People who break the law, where alcohol has been a factor in the offence that is before the court, may be made to wear tags that can detect whether or not they have been drinking.
Alcohol Abstinence and Monitoring Requirements will be available as part of community orders (or suspended sentence orders) with effect from 31st July 2014
This will initially be piloted in the South London Justice area (comprising Croydon, Lambeth, Southwark and Sutton).
Orders will be enforced by means of a transdermal electronic tag. These are tags fitted around the ankle of an offender that measure the level of alcohol in an offender’s sweat at set points throughout a 24 hour period. The tag provides data to a central monitoring point where it is then analysed to check for compliance. If there are indications that a breach has occurred or should be considered, then the enforcement authority is advised accordingly.
There are four conditions that must be satisfied before such an order can be made:
- That consumption of alcohol must be an element of the offence before the court, or the court must be satisfied that consumption of alcohol was a contributing factor to the commission of the offence.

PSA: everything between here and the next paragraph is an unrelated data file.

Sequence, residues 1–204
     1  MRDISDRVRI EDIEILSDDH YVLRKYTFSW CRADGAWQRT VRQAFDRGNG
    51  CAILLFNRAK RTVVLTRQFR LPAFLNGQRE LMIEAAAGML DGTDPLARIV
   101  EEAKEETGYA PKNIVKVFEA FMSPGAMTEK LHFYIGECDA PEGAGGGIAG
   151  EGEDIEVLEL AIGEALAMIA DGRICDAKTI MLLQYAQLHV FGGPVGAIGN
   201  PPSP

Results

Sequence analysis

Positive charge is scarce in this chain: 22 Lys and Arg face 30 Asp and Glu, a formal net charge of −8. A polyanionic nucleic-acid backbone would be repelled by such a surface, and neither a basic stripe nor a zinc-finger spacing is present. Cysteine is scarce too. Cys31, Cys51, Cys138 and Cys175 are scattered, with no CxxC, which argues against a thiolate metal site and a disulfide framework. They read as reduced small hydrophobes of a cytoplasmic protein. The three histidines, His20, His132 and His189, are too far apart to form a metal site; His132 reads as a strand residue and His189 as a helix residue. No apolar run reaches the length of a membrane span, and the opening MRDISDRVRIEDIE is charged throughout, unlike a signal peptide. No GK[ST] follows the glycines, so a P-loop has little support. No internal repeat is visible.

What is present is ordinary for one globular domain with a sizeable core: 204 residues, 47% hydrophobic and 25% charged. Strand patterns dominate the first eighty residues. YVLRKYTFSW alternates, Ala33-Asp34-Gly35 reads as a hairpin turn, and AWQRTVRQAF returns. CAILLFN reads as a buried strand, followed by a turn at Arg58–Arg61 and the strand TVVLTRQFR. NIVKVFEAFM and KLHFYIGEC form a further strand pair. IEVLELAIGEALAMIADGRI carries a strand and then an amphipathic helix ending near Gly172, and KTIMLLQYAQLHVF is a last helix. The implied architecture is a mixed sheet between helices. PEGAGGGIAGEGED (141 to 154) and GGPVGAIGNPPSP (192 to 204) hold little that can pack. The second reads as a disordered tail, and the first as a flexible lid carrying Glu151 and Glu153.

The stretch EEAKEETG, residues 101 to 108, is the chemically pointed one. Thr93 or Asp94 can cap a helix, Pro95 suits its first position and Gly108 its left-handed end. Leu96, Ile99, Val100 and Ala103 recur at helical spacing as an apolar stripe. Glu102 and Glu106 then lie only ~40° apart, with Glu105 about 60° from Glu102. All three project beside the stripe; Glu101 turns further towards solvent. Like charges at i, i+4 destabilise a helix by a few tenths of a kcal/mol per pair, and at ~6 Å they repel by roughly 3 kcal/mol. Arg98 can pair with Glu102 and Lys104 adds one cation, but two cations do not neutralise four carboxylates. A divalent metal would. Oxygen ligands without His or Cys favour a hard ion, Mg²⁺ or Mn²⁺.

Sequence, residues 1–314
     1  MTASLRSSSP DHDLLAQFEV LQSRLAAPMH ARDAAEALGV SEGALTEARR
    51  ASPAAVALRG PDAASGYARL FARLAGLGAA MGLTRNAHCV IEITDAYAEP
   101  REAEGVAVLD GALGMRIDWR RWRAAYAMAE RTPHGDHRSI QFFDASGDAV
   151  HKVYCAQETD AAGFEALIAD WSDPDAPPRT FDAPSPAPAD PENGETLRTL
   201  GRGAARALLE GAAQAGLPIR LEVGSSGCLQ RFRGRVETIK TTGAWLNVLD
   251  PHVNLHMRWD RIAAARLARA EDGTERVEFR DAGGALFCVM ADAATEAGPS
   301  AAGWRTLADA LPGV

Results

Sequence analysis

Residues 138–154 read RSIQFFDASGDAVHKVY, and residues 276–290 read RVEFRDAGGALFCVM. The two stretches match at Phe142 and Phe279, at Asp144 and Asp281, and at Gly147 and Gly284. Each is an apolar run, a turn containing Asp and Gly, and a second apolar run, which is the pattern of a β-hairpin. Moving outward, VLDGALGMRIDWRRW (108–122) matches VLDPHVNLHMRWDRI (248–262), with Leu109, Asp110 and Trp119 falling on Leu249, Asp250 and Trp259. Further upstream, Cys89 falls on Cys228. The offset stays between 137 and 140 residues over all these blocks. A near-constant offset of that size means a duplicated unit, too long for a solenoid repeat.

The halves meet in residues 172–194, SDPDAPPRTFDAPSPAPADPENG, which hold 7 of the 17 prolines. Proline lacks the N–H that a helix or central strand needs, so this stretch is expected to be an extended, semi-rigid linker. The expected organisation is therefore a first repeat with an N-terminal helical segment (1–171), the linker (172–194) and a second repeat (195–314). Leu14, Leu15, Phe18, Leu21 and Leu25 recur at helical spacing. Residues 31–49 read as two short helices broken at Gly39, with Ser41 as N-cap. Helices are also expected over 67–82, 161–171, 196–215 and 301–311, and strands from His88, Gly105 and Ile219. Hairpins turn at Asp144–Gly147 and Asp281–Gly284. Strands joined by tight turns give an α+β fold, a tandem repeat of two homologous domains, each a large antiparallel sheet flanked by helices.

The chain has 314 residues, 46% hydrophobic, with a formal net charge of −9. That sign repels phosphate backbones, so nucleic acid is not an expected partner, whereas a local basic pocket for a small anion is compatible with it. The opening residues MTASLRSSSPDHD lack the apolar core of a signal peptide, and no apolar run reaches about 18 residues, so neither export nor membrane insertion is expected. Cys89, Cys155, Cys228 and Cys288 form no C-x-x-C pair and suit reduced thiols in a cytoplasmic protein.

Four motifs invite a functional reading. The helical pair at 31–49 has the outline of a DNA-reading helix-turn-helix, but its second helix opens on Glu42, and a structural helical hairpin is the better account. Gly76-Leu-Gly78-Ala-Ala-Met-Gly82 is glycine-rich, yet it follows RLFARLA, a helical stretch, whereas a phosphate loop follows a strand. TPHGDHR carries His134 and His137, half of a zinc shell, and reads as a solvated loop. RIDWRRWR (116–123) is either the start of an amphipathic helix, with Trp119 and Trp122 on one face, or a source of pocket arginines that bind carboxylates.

- The court must be satisfied that the offender is not dependent on alcohol.
- The court must not include an alcohol treatment requirement (under section 212 of the Criminal Justice Act ) in the order.
- The court must have been notified by the Secretary of State that arrangements for monitoring have been made in the local justice area.
A court has the power to order an offender, either to abstain from consuming alcohol for a specified period, or not to consume alcohol so that during a specified period they have a level of alcohol no higher than that specified by the order in their body.
An offender, on whom such a requirement is imposed, would have to submit to monitoring to ascertain whether they were complying with the requirement.
The maximum period of the new requirement is limited to 120 days.
The tags are widely used in the US, where authorities claim it has a success rate above 95% as well as reducing re-offending and domestic violence.
Depending on the success of the pilot in the South London Justice area, which will last a year, the use of "alcohol tagging" may well be extended to other parts of the country.